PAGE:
Five days ago, I applied ferric HEDTA (aka Iron-X when bought from Gardens Alive) to a small area of my lawn. I bought one 16oz bottle of the concentrate and used 2/3 of it to make 2 gallons of solution per the product instructions. I applied this to about 300 square feet (28 square meters) of a northern Illinois lawn which hasn’t has a bit of fertilizer or herbicide applied to it in 27 years. Very few parts of the lawn are >50% grass and a few are almost 100% broadleaf weeds and clover. (I don’t consider clover a weed.) I intentionally applied the product at varying rates from about 0.5 to 1.5 gal/100 sq ft to judge its effectiveness. It was applied immediately after mowing and three days before a 1.4 inch (36mm) rain.

    Even at lower application rates, it did a good job of knocking down dandelions, which seems to be the species most affected by this product. It only killed plantain at the higher end of its application rate. Ground ivy (creeping charlie), thistle, violets, catnip and garlic mustard seemed to be moderately affected by it. It killed the few garlic mustard plants I sprayed, but those were along a fence and may have received a higher dose. White clover seemed to be least affected by it. I couldn’t discern any damage to grass. Flowering and seed release in surviving dandelions was noticeably lower than in the rest of the lawn.

    Even though the product didn’t completely eliminate weeds, it reduced them enough to make me decide to treat the entire lawn with it.

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  • Tony Almeida

    Does anyone know if there a place online or a store where this product FIESTA can be purchased at retail?
    If so, where? I am in Ontario, Canada.
    Thank you for any help provided.
    Tony Almeida

  • Fred Neumann

    I wonder why nobody seems concerned about this product?

    Is it wise to repeatedly apply iron to the point where it could reach toxic levels in the soil perhaps affecting desirable plants or the soil microflora? I don’t believe iron moves freely in the soil and if the chelated form was mobile, wouldn’t iron contribute to oxygen robbing algae blooms in waterways?

    And why is there no concern about human toxicity when “Iron overdose has been one of the leading causes of death caused by toxicological agents in children younger than 6 years” (http://emedicine.medscape.com/article/815213-overview). Could children playing on treated lawns not be as likely to ingest this material as they could ingest anything else applied to the lawn.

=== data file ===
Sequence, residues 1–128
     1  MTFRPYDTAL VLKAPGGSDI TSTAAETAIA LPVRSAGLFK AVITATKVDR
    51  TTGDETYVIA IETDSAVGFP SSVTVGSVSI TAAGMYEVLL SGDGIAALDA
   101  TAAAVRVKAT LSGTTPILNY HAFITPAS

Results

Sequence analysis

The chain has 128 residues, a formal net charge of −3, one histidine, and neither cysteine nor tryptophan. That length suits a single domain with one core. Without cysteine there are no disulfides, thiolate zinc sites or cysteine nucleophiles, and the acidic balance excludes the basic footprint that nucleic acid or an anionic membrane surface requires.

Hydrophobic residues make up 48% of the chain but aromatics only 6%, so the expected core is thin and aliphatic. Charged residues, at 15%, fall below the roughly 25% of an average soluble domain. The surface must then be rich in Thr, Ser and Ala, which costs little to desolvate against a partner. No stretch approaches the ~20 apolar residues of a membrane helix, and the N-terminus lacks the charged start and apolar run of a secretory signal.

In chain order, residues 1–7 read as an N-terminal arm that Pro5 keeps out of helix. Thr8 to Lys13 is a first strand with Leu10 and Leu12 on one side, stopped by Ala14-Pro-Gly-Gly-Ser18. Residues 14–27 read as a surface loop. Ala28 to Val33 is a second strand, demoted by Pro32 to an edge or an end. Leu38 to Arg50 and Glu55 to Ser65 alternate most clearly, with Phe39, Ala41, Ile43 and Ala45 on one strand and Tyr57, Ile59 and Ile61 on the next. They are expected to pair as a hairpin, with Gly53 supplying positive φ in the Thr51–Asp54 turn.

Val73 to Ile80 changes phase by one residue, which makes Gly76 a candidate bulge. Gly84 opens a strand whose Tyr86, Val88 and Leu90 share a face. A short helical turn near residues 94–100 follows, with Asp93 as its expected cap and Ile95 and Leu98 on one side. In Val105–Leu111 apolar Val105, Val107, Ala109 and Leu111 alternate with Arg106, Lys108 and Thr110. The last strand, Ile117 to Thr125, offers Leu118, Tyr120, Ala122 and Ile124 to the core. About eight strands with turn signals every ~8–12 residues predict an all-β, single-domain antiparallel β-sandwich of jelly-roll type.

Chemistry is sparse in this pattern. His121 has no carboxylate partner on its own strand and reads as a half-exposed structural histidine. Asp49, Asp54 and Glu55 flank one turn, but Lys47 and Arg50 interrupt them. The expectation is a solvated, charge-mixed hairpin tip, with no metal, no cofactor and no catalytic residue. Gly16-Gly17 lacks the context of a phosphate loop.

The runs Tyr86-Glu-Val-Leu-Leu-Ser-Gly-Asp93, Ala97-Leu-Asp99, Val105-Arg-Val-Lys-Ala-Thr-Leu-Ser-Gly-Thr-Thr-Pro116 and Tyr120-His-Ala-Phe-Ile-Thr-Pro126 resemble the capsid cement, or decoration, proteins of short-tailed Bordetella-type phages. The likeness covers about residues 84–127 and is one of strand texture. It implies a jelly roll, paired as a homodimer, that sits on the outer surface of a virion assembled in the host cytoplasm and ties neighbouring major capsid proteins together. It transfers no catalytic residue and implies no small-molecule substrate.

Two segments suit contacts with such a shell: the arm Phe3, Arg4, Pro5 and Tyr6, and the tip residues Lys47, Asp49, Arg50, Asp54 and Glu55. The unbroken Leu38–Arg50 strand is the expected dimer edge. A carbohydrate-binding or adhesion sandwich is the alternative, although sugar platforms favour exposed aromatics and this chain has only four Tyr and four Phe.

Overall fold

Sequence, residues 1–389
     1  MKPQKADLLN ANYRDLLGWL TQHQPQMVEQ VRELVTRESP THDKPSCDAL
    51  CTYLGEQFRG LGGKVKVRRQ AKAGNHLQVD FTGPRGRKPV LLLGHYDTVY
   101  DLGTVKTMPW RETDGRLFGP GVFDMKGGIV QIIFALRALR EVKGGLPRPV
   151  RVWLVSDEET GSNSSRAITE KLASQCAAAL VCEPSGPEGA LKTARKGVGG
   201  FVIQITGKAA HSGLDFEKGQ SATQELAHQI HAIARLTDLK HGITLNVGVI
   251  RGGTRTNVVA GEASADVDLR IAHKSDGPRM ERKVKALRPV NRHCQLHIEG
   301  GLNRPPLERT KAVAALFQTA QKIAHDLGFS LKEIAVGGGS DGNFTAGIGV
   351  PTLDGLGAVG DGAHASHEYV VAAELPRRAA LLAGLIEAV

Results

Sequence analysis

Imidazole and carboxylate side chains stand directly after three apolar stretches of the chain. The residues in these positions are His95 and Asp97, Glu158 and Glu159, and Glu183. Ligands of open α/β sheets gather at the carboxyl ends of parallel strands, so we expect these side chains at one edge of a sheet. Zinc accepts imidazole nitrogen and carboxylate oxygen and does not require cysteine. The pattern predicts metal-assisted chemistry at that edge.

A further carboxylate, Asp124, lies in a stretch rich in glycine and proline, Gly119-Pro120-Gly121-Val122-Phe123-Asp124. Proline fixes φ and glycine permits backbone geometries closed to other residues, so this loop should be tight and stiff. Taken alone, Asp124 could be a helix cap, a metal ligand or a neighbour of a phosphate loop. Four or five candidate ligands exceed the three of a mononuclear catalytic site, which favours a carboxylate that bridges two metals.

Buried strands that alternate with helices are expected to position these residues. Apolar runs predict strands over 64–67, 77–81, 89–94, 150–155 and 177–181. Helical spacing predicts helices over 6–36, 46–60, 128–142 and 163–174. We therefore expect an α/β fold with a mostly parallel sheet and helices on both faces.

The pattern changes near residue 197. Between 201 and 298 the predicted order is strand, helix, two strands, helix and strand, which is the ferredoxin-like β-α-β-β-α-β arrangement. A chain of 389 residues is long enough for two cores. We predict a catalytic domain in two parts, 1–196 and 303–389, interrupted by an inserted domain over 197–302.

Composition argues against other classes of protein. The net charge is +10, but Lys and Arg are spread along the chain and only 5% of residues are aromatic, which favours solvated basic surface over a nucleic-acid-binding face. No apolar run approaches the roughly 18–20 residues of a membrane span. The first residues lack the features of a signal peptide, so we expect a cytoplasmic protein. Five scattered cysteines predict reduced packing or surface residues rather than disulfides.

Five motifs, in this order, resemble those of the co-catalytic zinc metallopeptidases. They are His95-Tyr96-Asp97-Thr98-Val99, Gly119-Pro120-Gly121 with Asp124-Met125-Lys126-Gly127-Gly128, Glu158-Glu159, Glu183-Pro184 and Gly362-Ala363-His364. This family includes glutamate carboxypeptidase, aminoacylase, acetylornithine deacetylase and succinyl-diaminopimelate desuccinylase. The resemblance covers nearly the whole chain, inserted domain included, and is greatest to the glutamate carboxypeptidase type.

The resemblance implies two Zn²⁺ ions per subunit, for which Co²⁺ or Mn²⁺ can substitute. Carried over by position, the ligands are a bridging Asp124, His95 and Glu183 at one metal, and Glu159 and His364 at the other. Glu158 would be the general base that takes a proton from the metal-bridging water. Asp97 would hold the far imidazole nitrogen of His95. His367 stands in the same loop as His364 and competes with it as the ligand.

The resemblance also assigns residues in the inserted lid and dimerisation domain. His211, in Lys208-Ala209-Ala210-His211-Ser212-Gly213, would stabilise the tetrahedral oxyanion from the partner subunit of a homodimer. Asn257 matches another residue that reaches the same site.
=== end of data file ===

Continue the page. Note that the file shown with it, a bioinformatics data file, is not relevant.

Arsenic is naturally occurring… that doesn’t mean its good. Iron is a heavy metal. Not sure this is a game changer or something we should be genuinely concerned about.

    Fred

    • Paul Tukey

      Fred,
      I think your fears are valid and speak to the absolute necessity to read the label and adhere to its directions. Too much lead could be dangerous.

  • scott

    chelated iron has been used for decades on turf and agricultural crops – never as a herbicide, and never with any reports of herbicidal activity. The fact that this product is not registered in CA, NY, or Canada, is highly suspicious, since these are the states that require you to prove that the product actually works. Sounds very fishy since the company is tight lipped about the product. Something hidden in the inert ingredients may be source of weed control (sythetic chemical herbicide).

    • Paul Tukey

      Scott,
      The product is registered in Canada and it does work on many dicot weeds, though not all.

      • Jeremy

        This formulation is registered in all 50 states, and is available at Home Depot in Ortho Elementals Lawn Weed Killer 1 gallon RTU. I have used it, and it’s dynamite!

  • Yimin Rong

    It’s complete crap. Most plants consider it a minor inconvenience and shake it off. On a lawn, you’d have to saturate your grass every day for a month to have any effect.

  • Yimin Rong

    It’s complete crap. Most plants consider it a minor inconvenience and shake it off. On a lawn, you’d have to saturate your grass every day for a month to have any effect.

  • oldabatt

    “the sky is falling”